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  • Writer's pictureBlue Lily Psychiatry

The Benefits of Magnesium on Mental Health and Neurotransmitters in Functional Psychiatry

In recent years, there has been a growing interest in the role of micronutrients in mental health, particularly within the field of functional psychiatry. Among these micronutrients, magnesium has gained attention for its potential impact on mental well-being and neurotransmitter function.

Magnesium Plays an Important Role in Mental Health

Magnesium is an essential mineral that plays a crucial role in numerous physiological processes, including neurotransmission, energy production, and stress response. In the context of mental health, magnesium has been implicated in the regulation of mood, stress, and cognitive function. Studies have suggested that low magnesium levels may be associated with an increased risk of depression, anxiety, and other psychiatric disorders, highlighting the potential significance of this mineral in maintaining emotional well-being.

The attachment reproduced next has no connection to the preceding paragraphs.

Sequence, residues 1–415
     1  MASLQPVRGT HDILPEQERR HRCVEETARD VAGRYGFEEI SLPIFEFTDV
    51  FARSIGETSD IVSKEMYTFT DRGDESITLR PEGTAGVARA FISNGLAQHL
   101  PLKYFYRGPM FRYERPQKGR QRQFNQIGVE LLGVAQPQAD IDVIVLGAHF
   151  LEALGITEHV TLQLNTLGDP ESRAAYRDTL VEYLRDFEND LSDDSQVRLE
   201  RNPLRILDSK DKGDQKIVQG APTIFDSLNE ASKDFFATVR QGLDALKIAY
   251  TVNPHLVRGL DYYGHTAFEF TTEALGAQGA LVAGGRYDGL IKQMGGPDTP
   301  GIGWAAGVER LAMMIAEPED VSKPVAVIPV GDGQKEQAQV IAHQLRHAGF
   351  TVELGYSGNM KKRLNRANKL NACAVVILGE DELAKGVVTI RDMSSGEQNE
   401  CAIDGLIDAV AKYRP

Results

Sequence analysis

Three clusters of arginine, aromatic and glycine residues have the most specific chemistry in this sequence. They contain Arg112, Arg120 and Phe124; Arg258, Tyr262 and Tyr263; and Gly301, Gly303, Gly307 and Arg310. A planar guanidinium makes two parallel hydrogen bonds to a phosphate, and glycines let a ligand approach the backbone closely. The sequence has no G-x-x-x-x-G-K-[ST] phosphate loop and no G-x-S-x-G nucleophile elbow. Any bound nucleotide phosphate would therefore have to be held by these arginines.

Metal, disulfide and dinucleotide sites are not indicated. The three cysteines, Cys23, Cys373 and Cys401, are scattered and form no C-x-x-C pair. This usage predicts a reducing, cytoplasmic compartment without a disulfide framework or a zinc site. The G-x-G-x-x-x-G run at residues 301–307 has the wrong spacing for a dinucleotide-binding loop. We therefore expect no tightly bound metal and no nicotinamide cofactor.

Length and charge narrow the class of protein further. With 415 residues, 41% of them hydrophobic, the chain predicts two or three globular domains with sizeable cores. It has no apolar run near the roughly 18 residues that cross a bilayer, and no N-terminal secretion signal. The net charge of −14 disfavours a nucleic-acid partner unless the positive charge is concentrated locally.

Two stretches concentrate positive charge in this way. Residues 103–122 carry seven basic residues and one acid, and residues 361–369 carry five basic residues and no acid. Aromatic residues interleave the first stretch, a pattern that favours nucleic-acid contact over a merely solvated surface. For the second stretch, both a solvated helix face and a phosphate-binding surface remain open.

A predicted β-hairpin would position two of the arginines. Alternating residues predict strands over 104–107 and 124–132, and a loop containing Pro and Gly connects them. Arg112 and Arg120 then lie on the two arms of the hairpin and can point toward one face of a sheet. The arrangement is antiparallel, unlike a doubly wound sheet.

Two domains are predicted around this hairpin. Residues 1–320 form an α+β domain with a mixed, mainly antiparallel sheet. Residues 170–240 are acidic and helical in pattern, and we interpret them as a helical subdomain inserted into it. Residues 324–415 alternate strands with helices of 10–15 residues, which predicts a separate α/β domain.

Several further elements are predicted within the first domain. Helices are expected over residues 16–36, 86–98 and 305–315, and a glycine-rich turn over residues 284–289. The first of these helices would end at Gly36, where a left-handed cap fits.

One of the key ways through which magnesium influences mental health is by modulating neurotransmitter activity. Neurotransmitters, such as serotonin, dopamine, and gamma-aminobutyric acid (GABA), are critical for regulating mood, cognition, and emotional stability. Magnesium is known to exert influence over these neurotransmitter systems, with research indicating that it may enhance the function of GABA receptors, thereby promoting relaxation and reducing anxiety. Additionally, magnesium has been shown to play a role in the synthesis and release of serotonin, a neurotransmitter closely linked to mood regulation.

Magnesium can easily be obtained through diet but many people don’t reach the recommended Daily Value (DV) of 420 milligrams (mg).  Here are some foods that are high in magnesium to help increase your intake:



Dark Chocolate

Fatty Fish

Leafy Greens


Nuts and Seeds

Whole grains


If magnesium is something you’d like to consider adding to your treatment regimen schedule an appointment with one of our providers today to learn more.

 Disclaimer: Although supplements do not require a prescription from a licensed healthcare professional, it is still important to consult with a qualified licensed professional to determine the appropriateness of supplementation based on individual health considerations and potential interactions with other treatments.



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